Tiny Dozer Slices, Dices New Trails


NOVATO, CA-The trail dozerslices and dices trees, moves fallen timber and digs out small boulders, leaving in its wake a smooth multi-use trail.

This 9,000-pound yellow monster may be the next best thing to the International Mountain Bike Association when it comes to building mountain bike trails even if the two use opposing methods.

The trail dozer is capable of laying 1,000 feet of 4-foot wide trail every hour. These dozers are quickly becoming indispensable tools at some western ski resorts, giving resort mountain biking a boost.

While summer mountain bike rentals seem like an ideal off-season business for resorts, bicycle suppliers are finding resorts a hard sell. One of the biggest problems holding back growth in yo-yo mountain biking is a lack of good trails.

"Resort business is growing, but it isn't there yet," said Matt Jewett, Cannondale's fleet sales manager. "What is needed are good mountain bike trails, not just ski runs."

For some resorts, the small dozer is the answer. The dozers are replacing U.S. Forest Service trail crews as fast as regional offices can find $40,000 in their hollow budgets to pay for them.

Company owner, John Mueller, said he has sold 32 of the machines and rents them for trail construction, starting at $4,500 a month.

The speed at which the dozers can clear a trail, and their low cost when compared to paying a work crew, has ski resorts taking notice.

According to U. S. Forest Service studies, it costs about $20,900 for a supervised, 10-man crew to build one mile of trail. The study also found that a 2-man crew and a dozer can do the same work for about $6,000.

Vail may purchase one and Idaho's Sun Valley is renting one this summer, Mueller said. Other resorts are hiring private contractors who use the machines.

"We are trying to buy a mini dozer. It looks like a great machine. It fills a niche that no one else has filled," said Eric Toler, of Vail's resort and planning office. "We do a lot of construction projects, and it looks like it would work perfectly for a lot of different things."

Mountain bikers stand to be the biggest benefactors of the boom in trail construction.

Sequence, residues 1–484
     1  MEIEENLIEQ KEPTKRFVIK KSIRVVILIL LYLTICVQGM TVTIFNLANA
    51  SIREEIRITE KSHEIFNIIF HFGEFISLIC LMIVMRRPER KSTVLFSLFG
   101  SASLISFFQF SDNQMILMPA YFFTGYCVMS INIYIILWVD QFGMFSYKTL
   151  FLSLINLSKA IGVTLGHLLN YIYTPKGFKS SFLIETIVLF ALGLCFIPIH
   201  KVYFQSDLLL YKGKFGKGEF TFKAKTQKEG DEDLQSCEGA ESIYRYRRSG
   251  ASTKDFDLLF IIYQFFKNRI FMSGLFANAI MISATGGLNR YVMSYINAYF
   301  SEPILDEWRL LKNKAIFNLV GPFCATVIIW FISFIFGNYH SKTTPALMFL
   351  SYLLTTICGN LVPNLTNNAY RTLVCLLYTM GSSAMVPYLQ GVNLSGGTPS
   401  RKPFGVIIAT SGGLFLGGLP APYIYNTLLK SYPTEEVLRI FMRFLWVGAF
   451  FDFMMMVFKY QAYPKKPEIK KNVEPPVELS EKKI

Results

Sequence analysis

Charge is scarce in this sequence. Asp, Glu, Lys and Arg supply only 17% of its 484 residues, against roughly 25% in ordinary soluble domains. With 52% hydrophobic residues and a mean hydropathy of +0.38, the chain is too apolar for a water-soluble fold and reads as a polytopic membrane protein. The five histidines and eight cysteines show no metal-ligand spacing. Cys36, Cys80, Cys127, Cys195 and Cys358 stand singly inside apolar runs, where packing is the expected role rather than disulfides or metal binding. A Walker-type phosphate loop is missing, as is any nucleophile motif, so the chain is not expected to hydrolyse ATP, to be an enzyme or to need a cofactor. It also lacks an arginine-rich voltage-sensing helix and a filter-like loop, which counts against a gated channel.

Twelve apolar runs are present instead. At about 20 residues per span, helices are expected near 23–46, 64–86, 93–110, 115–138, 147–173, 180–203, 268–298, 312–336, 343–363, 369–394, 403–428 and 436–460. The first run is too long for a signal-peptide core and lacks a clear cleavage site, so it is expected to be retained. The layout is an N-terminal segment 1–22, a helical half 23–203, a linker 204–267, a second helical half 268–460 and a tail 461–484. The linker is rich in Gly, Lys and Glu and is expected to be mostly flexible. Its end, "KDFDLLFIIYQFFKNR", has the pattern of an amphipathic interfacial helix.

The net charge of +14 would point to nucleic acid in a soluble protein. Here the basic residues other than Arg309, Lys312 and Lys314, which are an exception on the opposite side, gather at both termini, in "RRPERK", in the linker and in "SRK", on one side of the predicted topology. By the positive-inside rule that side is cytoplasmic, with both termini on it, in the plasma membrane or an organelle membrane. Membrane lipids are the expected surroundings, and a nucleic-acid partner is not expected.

Mountain bike rentals are becoming a popular way for resorts to generate income during the summer off-season. But too often a lack of planning and poor trail design cuts into business. Resorts sending mountain bikers down ski runs or service roads are finding that they get few return visitors.

He worked for Boulder County Open Space, managing a mountain bike trail system for eight years. Now he owns Arrowhead Trails, a company specializing in new trail construction. He uses a mini dozer to do his dirty work.

Ski trails that follow the fall line may be good for gonzo cyclists who take the lift up and bomb down. But resorts that have been most successful with mountain biking offer visitors milder, more varied terrain to ride.

"Resorts that do it right cater to families. These riders need beginning and intermediate trails to ride on. A ski resort doesn't just have black diamond runs The same goes for bike trails," said Rickey Strawn, Specialized's director of sales.

To save money, many resorts sketch out trails through tall grass with weed wackers, or use two rows of spaced logs to mark trails, hoping that mountain bikers will carve their own trails over time.

The typical ski area thinks they can do it better and cheaper than I can with the machine," said Troy Duffin, executive director of the Mountain Trails Foundation. The foundation is a non-profit group that helps resorts and landowners build trails with a dozer.

Duffin made believers out of management at Utah's Wolf Mountain ski area after saving them from the embarrassment of not having a course ready for a scheduled race. "I went and made three miles of trails in two days," Duffin said.

The dozer's 4-foot-wide footprint gives hikers room to walk side by side, or room for equestrians and hikers to pass cyclists comfortably. It also is wide enough for wheelchair access. If left alone and allowed to become overgrown from the sides, a dozer built trail will become narrow single track.

"The wider dozer built trail is also less costly to maintain. If a tree falls over the trail I can get a ATV back to it and cut it out in no time.

"I can pull a grooming implement behind an ATV as well. And erosion is less because on a wider trail the bike tracks are not always going in the same place. They are more spread out," Arrowhead Trails' said.

©Bicycle Retailer and Industry News - May 15, 1997